School Diversity Week 2018

This week is School Diversity Week.

Just Like Us is the LGBT+ organisation behind the week, which was founded for a simple reason: growing up LGBT+ is still one of the most challenging experiences young people can face.

In the Government Equalities Office LGBT Action Plan launched earlier this week, they set-out the results of the largest ever LGBT+ Survey, including in Education and the action the Government will be taking.

Below is a summary of the action we're taking to support LGBT+ people in education.

All LGBT people should feel welcomed and safe at school, college and university so that they can reach their full potential. Existing evidence suggests that homophobic, biphobic and transphobic bullying can have a disproportionate impact on LGBT young people. It also shows that incidents of bullying are decreasing, although any level of prejudice- based bullying is unacceptable and we are committed to tackling it. We are also committed to ensuring that LGBT teachers and people working in education are free to be themselves at work.

The national LGBT survey asked respondents about their experiences in education. We asked all respondents whether sexual orientation and gender identity were discussed during their education, and how well they felt this prepared them for later life. If respondents were in education in the academic year preceding the survey, we also asked them about how open they were about their LGBT status and any incidents they had experienced.

A significant number of respondents had experienced a negative incident during their time in education. Our survey found many people had been ‘outed’ without their consent, or been victims of verbal harassment in education. In addition, very few respondents felt that their education had prepared them for life as an LGBT person. Some of the most important findings were:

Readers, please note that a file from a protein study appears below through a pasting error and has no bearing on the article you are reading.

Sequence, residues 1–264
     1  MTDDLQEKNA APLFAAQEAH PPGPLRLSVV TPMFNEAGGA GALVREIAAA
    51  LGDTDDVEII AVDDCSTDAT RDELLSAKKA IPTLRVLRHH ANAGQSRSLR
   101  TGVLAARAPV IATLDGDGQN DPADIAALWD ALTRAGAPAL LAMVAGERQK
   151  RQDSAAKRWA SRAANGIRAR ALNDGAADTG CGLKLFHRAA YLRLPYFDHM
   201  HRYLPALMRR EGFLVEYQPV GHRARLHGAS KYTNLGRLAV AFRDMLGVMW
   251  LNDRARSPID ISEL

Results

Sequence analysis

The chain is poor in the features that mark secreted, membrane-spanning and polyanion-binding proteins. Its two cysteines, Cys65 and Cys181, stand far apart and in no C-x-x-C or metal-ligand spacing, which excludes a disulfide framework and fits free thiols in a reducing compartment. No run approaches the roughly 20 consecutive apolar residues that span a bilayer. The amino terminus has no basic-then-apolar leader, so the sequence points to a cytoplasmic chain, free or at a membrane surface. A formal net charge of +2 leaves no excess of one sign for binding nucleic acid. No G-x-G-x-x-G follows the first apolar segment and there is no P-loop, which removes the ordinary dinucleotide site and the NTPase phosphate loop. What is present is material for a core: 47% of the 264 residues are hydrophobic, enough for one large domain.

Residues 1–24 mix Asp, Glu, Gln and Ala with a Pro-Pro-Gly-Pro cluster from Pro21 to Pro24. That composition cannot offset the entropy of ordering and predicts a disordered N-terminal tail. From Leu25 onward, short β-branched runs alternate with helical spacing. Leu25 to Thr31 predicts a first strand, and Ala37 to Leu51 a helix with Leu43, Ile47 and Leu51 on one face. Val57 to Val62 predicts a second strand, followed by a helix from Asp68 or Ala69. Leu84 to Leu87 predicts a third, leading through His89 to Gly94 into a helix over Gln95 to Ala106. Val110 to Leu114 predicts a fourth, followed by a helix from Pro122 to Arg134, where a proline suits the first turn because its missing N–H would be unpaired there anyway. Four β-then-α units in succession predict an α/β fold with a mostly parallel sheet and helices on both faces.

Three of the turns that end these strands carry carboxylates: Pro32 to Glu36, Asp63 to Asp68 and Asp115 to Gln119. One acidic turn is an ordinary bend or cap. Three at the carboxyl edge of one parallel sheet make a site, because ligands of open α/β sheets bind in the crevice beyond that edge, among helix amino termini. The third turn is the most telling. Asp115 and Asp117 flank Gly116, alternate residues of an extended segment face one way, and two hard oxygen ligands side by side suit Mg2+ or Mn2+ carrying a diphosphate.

• In the last academic year, 21% of respondents in education had experienced a negative reaction involving someone disclosing their LGBT identity without their permission, and 19% involving verbal harassment, insults or other hurtful comments. 
  • 21% of respondents recalled discussion of sexual orientation, gender identity or both at school, with younger respondents much more likely to do so than older respondents. Of those who did, however, only 9% felt this had prepared them well for later life as LGBT people, which did not vary remarkably by age. 
  • 83% of the most serious incidents experienced by respondents within educational institutions in the last academic year were not reported, primarily because they considered them too minor, not serious enough or that they ‘happen all the time’.

We will take action so that our education system supports every LGBT child or young person.

  • We will continue to tackle homophobic, biphobic and transphobic bullying in schools and the wider education system. 
  • We will update Sex and Relationships Education guidance to support the Government’s reforms to this subject.
  • We will ensure that schools have access to the guidance they need to support LGBT pupils.
  • We will support LGBT teachers to be themselves at work and improve the diversity of the teaching profession.
  • We will ensure that support is available for LGBT students who are victims of hate crime and online harassment.

Read the full report HERE.